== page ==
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Fix It Now or Fix It Later?

Dealing with a production defect

11 July 2016

Alex DiPasquale

“Never leave till tomorrow that which you can do today.” — Benjamin Franklin

Any time we write code, there is a chance we will create a defect. Sometimes, when working a user story, we find a production defect. How my team handles production defects has evolved as we have matured in Agile.

When I began my agile journey as ScrumMaster, I took the position that the team would fix any development defects that we caused but request a separate user story and prioritization for any production defects we uncovered. This was not different than when we did Waterfall projects. I think I was focused on process, not people.

Process over people?

One day at lunch, I was talking to a friend about a user story and I mentioned a production defect. He asked how long it would take to fix it. I said, “About 15 minutes of coding and half an hour to test.”

When I told him that I was going to ask the product owner for a new user story to add to the product backlog, he threw his hands up in the air and said, “Just fix the darn defect!”

In retrospect, it was silly to ask for a separate user story and prioritization since we were already there, knew the issue, and knew it was a quick fix. I then realized that I was too focused on the process.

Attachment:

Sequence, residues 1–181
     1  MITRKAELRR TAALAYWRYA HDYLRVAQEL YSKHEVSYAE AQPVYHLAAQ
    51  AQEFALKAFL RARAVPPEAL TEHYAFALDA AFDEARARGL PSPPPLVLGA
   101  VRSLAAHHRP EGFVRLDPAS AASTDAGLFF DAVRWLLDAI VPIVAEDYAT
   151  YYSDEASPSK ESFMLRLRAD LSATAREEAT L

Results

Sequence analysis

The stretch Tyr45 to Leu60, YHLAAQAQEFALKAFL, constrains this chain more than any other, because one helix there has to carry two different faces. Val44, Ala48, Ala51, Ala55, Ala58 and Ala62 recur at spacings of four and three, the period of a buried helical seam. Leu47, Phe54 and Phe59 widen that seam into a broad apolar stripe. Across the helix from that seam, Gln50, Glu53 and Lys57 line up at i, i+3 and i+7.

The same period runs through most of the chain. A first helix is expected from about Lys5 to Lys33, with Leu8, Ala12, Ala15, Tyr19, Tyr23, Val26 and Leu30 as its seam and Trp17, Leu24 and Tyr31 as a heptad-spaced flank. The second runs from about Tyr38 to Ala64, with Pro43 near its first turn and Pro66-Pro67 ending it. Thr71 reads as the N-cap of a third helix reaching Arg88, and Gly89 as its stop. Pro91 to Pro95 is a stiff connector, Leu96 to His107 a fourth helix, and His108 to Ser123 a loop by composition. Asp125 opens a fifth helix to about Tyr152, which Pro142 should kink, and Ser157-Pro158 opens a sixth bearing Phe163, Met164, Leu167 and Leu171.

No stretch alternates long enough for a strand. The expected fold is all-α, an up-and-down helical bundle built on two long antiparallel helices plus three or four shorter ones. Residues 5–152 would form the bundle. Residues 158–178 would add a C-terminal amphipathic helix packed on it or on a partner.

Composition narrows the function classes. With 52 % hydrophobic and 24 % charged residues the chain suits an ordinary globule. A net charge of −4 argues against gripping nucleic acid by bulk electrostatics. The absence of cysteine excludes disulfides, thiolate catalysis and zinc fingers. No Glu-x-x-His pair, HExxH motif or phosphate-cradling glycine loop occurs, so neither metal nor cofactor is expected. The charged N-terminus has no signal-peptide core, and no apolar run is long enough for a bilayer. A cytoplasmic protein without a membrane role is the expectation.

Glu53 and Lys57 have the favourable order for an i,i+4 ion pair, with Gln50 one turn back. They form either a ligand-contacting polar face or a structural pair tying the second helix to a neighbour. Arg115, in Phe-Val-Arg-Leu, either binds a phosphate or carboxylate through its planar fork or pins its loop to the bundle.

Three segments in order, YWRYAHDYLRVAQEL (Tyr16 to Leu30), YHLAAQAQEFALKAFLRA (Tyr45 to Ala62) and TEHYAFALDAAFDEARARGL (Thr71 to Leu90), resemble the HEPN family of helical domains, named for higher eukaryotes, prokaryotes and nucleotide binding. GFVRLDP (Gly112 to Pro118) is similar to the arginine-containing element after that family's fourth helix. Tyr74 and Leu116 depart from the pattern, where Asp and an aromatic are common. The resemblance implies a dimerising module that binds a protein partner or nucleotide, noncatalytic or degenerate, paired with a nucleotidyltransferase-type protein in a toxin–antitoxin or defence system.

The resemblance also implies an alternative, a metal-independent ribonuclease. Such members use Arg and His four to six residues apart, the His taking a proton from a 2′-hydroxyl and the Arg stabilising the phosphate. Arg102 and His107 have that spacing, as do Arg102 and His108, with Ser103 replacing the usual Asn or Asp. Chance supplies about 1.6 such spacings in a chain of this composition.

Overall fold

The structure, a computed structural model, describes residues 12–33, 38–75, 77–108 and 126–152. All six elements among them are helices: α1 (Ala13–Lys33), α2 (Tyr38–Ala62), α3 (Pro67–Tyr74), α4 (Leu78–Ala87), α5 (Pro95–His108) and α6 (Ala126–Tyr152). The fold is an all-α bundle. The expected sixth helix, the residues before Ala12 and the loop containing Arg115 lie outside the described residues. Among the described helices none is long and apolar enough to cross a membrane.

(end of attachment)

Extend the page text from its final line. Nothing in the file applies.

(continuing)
Back to the team

The next time our testers found a production defect, I asked, “How long will it take to fix it?” Our developer said about an hour. I then I asked the tester how long it would take to test, and she said about half an hour.

Then I asked the team if they thought we could complete it in the current sprint. After a bit of discussion, the team agreed that they could fix the defect in the sprint. So we did not ask for a separate user story; we simply fixed the production defect in the sprint.

Our new philosophy

Our team has matured beyond strictly following the old, “Write a new ticket” mentality to a “Let’s do what makes sense!” framework.

We embrace the Agile philosophy of “Customer collaboration over contract negotiation.” Nowadays, when we find a production issue, my go-to questions are, “How long will it take to fix?” and "Can we take it in this sprint?”   

Opinions represent those of the author and not of Scrum Alliance. The sharing of member-contributed content on this site does not imply endorsement of specific Scrum methods or practices beyond those taught by Scrum Alliance Certified Trainers and Coaches.

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